march 2011


‘We Should Treasure Every Mile’

Remembering Grete Waitz, The Greatest—At Everything

‘She was able to balance a competitive career with the most gracious lifestyle, and a character that emanated good will’

By David McGee

New York City has a special relationship with its Marathon winners, male and female, its residents turning out in the thousands to line the streets of the five boroughs and cheer on the participants, whether they be the inspiring, physically challenged athletes of the Achilles Club who are first into Central Park, or the elite runners at the front of the rest of the pack, or those fighting the good fight in bringing up the rear. In turn, the Marathon winners have almost universally comported themselves with dignity in the aftermath of their big wins, enhancing the good vibe suffusing the city on Marathon day.

In 2008, each NYC Marathon finisher was presented a medal bearing Waitz’s likeness and the inscription: ‘Grete Waitz--The Greatest Champion in New York City Marathon History.’ (Photo: Espen Solli)

Of all these great winners, though, none was greater or more beloved, or a better example to others, than the Norwegian school teacher-turned-world class marathoner Grete Waitz, who did not merely win the New York City Marathon but dominated it like no other runner has--nine triumphs in all (1978-1980, 1982-1986, 1988), including five consecutive in one amazing stretch in the ‘80s. Grete Waitz, though, was distinguished less by her first-place finishes in Central Park than by her humility in victory, and her integrity and humanity on and off the course. When news came on April 19 of her death from cancer at age 57, a pall settled on the great city. Everyone, it seemed, athlete or not, sports fan or not, felt, and keenly, the loss of Grete Waitz, whose tenacity, toughness and unflagging work ethic made her not only a quintessential New York success story, but a beloved member of our urban family. Skeptics of this assertion take note: in 2008, each Marathon finisher was presented a medal bearing Waitz’s likeness and the inscription: “Grete Waitz--The Greatest Champion in New York City Marathon History.”

Great Moments in NYC Marathon History: profile of Grete Waitz

On the other hand, Grete Waitz was bigger than New York. She preached her message of physical fitness to the world, not to a single city. When she was diagnosed with cancer, she started a cancer care foundation, Active Against Cancer (Aktiv Mot Kreft), and arranged with her former main sponsor, Adidas, to contribute to it five percent of the proceeds from the sale of the company’s Grete Waitz and Modern Classics collections. This could be as much as NOK 500 million per year, which goes toward the establishment of hospital physical training centers and investment in PET-scanners. “I am convinced you can go through a lot more when you are physically fit,” Waitz explained of her foundation’s philosophy. “It is both physical and mental. With the athletic background, you think more on the positive side--you can do this.”

Grete crossing the finish line in 1978, completing her first New York City Marathon and her first New York City Marathon triumph. Saying she had been in complete agony during the last 10 miles of the race, upon crossing the finish line as the victor, she ripped off her running shoes and threw them at her husband, who was also her trainer, yelling, ‘I’ll never do this stupid thing again!’

With her New York City Marathon triumphs mounting, Grete and her husband, Jack, became more involved in city life, and especially with the New York Road Runners Club, founded by Fred Lebow, who had started the New York City Marathon. Aware of Grete’s accomplishments as a member of the Norwegian national track team, Lebow invited her to run in the 1978 New York City Marathon, even though she was not a distance runner--she had never run more than 13 miles in any competition. Her husband, who was also her coach, was convinced Grete was marathon material, and urged her to run the NYC Marathon, if only so the couple could treat the event and the trip to Manhattan as something of a second honeymoon, although Grete later recalled in an interview that she saw it as an opportunity to celebrate her retirement from competitive running. Looking back at her first Marathon, she told various interviewers of being in complete agony in the race’s final 10 miles. When she crossed the finish line--note that she did finish, agony or no--she was so angry at Jack that she ripped off her running shoes and threw them at him, yelling, “I’ll never do this stupid thing again!”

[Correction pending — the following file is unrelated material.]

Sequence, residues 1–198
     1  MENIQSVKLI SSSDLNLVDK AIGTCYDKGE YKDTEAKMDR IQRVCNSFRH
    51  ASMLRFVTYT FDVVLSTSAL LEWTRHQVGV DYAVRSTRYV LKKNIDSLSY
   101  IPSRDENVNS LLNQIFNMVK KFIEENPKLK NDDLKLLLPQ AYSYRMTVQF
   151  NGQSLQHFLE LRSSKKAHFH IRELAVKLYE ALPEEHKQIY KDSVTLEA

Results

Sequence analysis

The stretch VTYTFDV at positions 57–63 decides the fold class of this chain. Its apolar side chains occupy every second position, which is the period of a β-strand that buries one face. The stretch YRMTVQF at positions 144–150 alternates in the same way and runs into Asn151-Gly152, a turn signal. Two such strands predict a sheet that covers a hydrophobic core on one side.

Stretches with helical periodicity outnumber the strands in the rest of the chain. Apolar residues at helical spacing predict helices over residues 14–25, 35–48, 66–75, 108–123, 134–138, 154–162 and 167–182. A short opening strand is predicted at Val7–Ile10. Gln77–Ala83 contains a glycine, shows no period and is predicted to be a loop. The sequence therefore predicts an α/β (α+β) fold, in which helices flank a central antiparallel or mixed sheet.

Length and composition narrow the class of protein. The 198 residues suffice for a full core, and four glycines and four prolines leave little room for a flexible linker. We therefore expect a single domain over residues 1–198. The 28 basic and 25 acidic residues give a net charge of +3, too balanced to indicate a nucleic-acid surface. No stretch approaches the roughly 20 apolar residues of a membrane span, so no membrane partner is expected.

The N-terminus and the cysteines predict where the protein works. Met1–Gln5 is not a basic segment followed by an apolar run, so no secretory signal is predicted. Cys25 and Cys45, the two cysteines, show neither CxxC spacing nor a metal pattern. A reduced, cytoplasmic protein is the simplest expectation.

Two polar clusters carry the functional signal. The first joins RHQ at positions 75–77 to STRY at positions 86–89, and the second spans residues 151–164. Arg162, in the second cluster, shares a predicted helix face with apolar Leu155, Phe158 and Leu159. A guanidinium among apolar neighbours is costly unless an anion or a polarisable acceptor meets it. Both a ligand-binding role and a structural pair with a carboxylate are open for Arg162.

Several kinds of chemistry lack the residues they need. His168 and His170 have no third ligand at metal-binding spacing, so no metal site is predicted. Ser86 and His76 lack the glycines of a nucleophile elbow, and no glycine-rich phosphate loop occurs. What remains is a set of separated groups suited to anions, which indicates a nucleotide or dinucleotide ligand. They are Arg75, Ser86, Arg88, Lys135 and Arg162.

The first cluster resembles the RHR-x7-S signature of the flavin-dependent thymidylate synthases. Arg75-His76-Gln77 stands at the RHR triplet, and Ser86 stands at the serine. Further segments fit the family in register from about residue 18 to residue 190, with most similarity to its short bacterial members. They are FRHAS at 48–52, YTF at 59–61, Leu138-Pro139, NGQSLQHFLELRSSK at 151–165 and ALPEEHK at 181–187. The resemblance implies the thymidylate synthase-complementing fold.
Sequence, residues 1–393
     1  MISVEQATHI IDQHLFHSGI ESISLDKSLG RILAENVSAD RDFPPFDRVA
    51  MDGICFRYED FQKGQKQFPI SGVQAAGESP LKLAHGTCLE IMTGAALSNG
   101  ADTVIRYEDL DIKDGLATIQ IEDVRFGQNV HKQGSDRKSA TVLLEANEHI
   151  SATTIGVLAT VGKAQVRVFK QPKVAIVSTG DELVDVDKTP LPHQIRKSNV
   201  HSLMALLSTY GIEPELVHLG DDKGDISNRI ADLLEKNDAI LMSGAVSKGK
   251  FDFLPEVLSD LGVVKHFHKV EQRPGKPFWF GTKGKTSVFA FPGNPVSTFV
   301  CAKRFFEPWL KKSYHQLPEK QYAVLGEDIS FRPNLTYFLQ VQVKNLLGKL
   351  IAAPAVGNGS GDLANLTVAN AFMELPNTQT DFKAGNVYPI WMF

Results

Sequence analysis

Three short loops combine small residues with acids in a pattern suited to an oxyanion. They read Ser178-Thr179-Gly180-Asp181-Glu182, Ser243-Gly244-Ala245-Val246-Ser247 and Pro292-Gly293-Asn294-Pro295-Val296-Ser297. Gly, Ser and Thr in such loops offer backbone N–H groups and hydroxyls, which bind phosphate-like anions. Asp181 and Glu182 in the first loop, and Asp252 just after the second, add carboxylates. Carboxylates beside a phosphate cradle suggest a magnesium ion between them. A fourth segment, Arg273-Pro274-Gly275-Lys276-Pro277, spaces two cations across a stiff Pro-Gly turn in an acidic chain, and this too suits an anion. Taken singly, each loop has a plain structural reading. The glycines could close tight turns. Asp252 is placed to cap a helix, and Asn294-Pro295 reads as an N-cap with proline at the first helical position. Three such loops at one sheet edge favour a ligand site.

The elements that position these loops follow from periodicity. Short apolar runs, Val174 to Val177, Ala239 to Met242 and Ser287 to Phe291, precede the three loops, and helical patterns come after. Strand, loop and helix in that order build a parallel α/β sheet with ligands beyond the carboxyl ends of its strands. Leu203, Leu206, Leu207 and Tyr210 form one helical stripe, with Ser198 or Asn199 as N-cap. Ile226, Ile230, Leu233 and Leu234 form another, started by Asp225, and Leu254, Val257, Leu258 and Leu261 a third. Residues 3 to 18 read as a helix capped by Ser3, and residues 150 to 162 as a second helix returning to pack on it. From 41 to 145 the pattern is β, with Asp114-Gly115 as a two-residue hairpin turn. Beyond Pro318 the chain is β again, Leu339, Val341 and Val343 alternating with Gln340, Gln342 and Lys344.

This, after setting a world record of two hours, 32 minutes, 30 seconds, a global standard she lowered three more times in her career. She also won the London Marathon twice, the Stockholm Marathon once and the world championship marathon in 1983.

In 1979, she won her second NYC Marathon with a time of 2:27:33, beating her previous record by almost five minutes and becoming the first woman to officially run a marathon faster than two and a half hours. She was, instantly, a welcome sight on the course, tight-lipped, intensely focused on the moment, her blonde pigtails bouncing rhythmically at the back of her head; finally, after breaking through the tape at the finish line and gathering herself (there were no more shoe throwing incidents observed after her 1978 Marathon), a warm, shy smile would light up her friendly Scandinavian features. She exuded class.

If New York City loved Grete, she loved the city in return. Working with the New York Road Runners Foundation, she frequently spoke to schoolchildren, and often appeared on behalf of Fred’s Team, the cancer charity started by Fred Lebow. Each October the NYRR Club sponsors a half-marathon run called Grete’s Great Gallop.

Grete accompanying cancer-stricken New York City Marathon founder Fred Lebow in the 1994 Marathon. Running and walking side by side the entire distance, the couple finished the course in five-and-a-half-hours. Grete counted it as her tenth NYC Marathon victory. Amby Burfoot, the 1968 Boston Marathon winner and then editor at large for Runner’s World magazine, described Waitz and Lebow crossing the finish line as ‘the New York City Marathon’s most emotional moment.’